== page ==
3. Keeping your knee straight, lift one leg up off the table, only high enough for your thigh to be off the surface. DO NOT lift so high that you extend through your spine. Slowly and smoothly lower your leg back to the start position.

4. Maintain the glut squeeze as you repeat step 3 with the opposite leg.

5. Re-squeeze the gluts again, and repeat steps 3-4; do 2-3 sets of 10-15 reps, daily, or 3-4x/wk.

*If you do not feel comfortable lying on your stomach, you can perform this exercises in standing in front of your kitchen sink, doing the glut squeeze and leg lift backward with your knee straight as above.

3) Strengthen your glut med: This is another critical exercise missing from your discharge home exercise program. The gluteus medius is a very important muscle for restoring hip and pelvis stability, and improves stability of any activity on one foot- reaching, weight shifting, walking, stair ambulation, and helps to prevent falls by improving your balance.

Gluteus Medius Strengthening in Sidelying

Gluteus Medius Strengthening in Sidelying

Start Position: Lay on your side, with your hips and knees bent to about 90 degrees, and your feet directly on top of each other. Roll your hips as far forward as possible.

Exercise: Keeping your feet together, tip your top knee up toward the ceiling without rotating your hip back. You will not be lifting your knee more than 6 inches. Slowly and smoothly lower your raised leg back down to rest on the bottom leg.

Optional: You may want to keep your hand on your hip (as shown) to help you feel your gluteus medius muscle tighten under your fingers, and to assist you in keeping your hips from rotating backward.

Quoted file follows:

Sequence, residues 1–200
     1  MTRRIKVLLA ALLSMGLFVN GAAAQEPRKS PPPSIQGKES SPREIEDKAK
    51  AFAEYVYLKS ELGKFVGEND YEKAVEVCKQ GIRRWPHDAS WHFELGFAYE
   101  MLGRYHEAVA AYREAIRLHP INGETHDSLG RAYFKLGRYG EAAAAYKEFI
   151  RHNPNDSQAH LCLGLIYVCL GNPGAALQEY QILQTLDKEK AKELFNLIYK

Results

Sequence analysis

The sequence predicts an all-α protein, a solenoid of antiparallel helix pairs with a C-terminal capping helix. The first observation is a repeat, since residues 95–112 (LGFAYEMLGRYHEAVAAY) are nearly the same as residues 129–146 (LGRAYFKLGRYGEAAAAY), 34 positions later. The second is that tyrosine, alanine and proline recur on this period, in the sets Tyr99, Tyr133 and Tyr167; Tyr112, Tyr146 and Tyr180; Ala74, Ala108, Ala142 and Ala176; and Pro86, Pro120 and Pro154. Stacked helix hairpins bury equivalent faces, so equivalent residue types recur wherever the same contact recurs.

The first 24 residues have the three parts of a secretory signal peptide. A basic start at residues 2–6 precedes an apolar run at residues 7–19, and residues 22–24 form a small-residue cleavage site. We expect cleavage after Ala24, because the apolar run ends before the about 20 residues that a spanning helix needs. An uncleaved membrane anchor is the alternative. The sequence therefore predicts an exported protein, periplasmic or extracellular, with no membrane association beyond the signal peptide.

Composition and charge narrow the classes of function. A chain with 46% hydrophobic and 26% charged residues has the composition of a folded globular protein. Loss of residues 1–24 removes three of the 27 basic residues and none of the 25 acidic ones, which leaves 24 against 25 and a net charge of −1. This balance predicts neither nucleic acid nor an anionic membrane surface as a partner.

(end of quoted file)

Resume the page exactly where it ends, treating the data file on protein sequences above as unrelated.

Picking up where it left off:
Basic: perform 2-3 sets of 10-15 reps, daily or 3-4x/wk

Advanced: hold the top leg for 3-5 seconds during each rep, then slowly lower.

2) Speaking of balance, start practicing balance exercises in front of your kitchen sink. Start on two feet, placing them close to each other working on balance, then hold this position while slowly turning your head side to side. Once this becomes easy, try balancing with one foot ahead of the other- this is called a tandem stance position. Switch which foot is in front, and try to hold this position for 30-60 seconds. Once this becomes easy, try balancing on 1 foot at a time, eventually adding slow head turns once this becomes an easy task. If you have significant balance challenges and these exercises make you feel nervous, ask your physician if you can attend out-patient physical therapy to work on your balance with the assistance of a physical therapist. 

1) Follow your precautions… for life! Invest in a reacher, shoe horn, and get help with tougher reaches outside in the yard or for cleaning in your home to allow you to safely following your precautions. Orthopedic surgeons will tell you that even ten years out after surgery, patients still can ruin their replacement as it dislocates out the back of the hip from forward bending and rotating. Specific precautions vary depending on the approach the surgeon took with your replacement, so be sure to ask specifically what they are and how to follow them prior to discharge.